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County, Shores move to back Vero at PSC on electric sale


When Vero Beach and Florida Power & Light go up against those who want the Florida Public Service Commission to reverse its approval of the $185 million Vero electric sale, Indian River County and Indian River Shores plan to have Vero’s back.

About 60 percent of Vero’s 34,000 electric customers live in the Shores and the unincorporated county, so attorneys for both entities want a seat at the table when the dispute is adjudicated.

County Attorney Dylan Reingold on Monday filed a formal Petition to Intervene in the case. And last Thursday the Shores Town council unanimously approved up to $10,000 for utilities attorney Bruce May of Holland and Knight to do the same.

PSC approval of the sale has been challenged by two individuals, plus by two attorneys on behalf of organizations or groups. Those appeals are scheduled to be heard by the PSC Oct. 8 and 9 in Tallahassee.

Attorney and former Vero Councilwoman Lynne Larkin claims to represent 900 unnamed members of the nebulous Civic Association of Indian River County, saying the sale process has lacked transparency and the full, informed consent of Vero’s residents.

Attorney Jon Moyle Jr. filed a challenge on behalf of the Florida Industrial Power Users Group (FIPUG), which he says is an interested coalition of large, commercial electric customers of FPL. Moyle argues that his members, also unnamed, would end up funding the $116.2 million acquisition adjustment FPL wants to book so Vero has enough money to exit its long-term power contracts, to pay off debt and have $30 million in residual cash.

Councilman Dick Haverland asked what benefits becoming an official intervenor would confer on the Shores and the county. Councilman Bob Auwaerter said the town’s attorney or representatives would sit up front with the rest of the parties, and would likely get more time to present the plight of the Shores residents to the commission, as public comment from the podium is typically limited to three minutes or less.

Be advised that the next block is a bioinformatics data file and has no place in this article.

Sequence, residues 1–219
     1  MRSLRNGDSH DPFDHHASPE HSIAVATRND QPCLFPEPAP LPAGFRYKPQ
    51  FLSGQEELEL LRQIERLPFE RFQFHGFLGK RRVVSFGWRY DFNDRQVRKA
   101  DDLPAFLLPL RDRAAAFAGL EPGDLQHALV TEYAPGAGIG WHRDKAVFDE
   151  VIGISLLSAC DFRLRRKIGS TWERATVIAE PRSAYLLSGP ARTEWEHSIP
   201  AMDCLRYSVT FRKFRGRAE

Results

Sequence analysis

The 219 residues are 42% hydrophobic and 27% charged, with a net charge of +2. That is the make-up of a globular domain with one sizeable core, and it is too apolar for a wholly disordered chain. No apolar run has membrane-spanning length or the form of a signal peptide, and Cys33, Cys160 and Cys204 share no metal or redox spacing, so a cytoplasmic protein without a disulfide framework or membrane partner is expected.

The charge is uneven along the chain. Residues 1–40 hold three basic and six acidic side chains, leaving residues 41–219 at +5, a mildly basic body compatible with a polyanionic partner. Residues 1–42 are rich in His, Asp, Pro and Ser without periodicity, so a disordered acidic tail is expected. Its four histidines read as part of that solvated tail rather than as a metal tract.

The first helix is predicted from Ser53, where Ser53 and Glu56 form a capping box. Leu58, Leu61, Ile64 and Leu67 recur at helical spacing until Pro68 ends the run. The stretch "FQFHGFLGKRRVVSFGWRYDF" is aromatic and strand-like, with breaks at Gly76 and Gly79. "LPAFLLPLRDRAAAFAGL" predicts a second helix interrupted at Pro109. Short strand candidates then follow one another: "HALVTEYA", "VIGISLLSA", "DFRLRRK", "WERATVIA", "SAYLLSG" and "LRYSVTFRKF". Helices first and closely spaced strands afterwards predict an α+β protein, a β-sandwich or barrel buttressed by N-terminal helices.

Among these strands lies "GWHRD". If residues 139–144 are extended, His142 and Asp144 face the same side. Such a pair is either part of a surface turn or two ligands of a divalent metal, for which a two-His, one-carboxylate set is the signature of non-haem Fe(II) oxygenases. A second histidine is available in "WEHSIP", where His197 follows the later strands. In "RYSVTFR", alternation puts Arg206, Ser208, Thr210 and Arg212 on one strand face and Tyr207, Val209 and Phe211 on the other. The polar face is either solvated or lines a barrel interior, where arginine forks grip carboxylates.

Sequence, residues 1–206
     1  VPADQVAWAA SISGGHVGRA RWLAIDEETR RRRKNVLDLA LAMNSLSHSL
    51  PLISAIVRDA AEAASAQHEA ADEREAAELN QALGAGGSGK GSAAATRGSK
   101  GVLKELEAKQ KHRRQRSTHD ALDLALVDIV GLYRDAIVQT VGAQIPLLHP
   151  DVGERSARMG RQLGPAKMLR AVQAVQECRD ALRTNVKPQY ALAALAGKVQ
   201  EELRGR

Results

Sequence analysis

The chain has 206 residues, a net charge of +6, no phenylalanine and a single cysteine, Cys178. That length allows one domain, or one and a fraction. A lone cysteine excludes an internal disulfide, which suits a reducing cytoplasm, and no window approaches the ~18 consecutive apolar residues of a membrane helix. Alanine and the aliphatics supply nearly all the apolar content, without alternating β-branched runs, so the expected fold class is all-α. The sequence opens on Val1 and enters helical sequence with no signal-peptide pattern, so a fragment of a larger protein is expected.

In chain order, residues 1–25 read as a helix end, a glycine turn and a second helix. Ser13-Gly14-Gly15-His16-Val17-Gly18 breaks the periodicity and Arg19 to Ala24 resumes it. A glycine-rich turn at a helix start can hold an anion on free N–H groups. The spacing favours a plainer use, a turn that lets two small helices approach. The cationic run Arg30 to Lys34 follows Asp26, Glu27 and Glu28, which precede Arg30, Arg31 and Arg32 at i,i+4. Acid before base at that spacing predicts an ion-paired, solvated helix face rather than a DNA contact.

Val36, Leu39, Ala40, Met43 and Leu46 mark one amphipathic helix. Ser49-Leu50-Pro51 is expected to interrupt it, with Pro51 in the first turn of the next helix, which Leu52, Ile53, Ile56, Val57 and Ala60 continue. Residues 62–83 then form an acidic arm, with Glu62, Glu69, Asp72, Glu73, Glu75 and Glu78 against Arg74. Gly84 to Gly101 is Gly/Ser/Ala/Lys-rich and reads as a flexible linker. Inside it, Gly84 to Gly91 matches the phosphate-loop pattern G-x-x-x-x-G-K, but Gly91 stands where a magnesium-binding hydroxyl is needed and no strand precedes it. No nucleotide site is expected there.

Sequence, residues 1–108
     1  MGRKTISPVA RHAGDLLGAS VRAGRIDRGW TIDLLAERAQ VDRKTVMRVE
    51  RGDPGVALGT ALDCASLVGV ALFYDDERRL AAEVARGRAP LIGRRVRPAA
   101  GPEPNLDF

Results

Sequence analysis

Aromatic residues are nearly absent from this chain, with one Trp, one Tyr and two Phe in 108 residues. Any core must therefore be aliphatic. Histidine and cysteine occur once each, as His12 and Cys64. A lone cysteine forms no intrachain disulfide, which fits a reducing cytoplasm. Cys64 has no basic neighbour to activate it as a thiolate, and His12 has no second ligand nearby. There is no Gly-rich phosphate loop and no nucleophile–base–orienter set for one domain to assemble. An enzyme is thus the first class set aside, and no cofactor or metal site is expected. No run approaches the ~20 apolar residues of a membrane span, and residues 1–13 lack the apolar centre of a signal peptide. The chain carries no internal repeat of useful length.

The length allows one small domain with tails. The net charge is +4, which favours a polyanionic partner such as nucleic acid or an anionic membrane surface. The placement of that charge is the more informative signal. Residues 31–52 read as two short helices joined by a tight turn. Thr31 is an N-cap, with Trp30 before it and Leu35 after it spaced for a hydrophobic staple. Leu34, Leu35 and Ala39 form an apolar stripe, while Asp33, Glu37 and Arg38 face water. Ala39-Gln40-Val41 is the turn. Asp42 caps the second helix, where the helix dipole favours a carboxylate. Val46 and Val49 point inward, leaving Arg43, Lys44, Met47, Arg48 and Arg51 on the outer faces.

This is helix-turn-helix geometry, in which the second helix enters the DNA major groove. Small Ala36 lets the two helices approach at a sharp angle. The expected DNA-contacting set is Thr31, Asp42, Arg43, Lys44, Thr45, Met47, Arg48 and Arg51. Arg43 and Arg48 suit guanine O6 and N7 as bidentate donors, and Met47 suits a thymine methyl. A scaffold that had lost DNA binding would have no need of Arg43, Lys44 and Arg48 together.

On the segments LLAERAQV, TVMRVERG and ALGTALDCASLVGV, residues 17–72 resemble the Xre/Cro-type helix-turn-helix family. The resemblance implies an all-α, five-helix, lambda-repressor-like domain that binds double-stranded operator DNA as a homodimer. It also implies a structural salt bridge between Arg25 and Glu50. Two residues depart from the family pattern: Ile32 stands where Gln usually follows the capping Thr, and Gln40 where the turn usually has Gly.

“The town needs to push back at some point and say our residents are behind this deal,” Auwaerter said.

Reingold explained his action “means I can take discovery. It also means we would be subject to discovery, but we are already covered by the Sunshine laws.”

“Can we find out who the members of FIPUG are?” Vice Mayor Mike Ochsner asked.

Reingold said a list of the members of FIPUG would likely be among the documents he would request as an intervenor. The Shores, for example, could also request the same of Larkin and her Civic Association. FPL attorneys have already filed documents with the PSC questioning Larkin’s standing to file an objection with the PSC. Interrogatories in the case are flying back and forth from the various parties, according to the PSC docket record.

Town Attorney Chester Clem, who rarely interjects on council matters except to prevent the council from running afoul of Florida Statute, offered a pretty forceful recommendation on the matter, saying having the county there as an intervenor and not the Shores would be a big mistake, calling the current circumstances surrounding the Vero electric sale “most unusual and detrimental” to the town.

So far Shores taxpayers – 20 percent of whom are already FPL customers but support the community-wide effort toward cheaper electric rates across the board – have spent about $1 million on legal and consultant fees for lawsuits and other efforts related to pushing the Vero electric sale.

“I agree that we should intervene, if they accept us. We’ve been in this situation for so long that we should do everything we can,” Mayor Tom Slater said.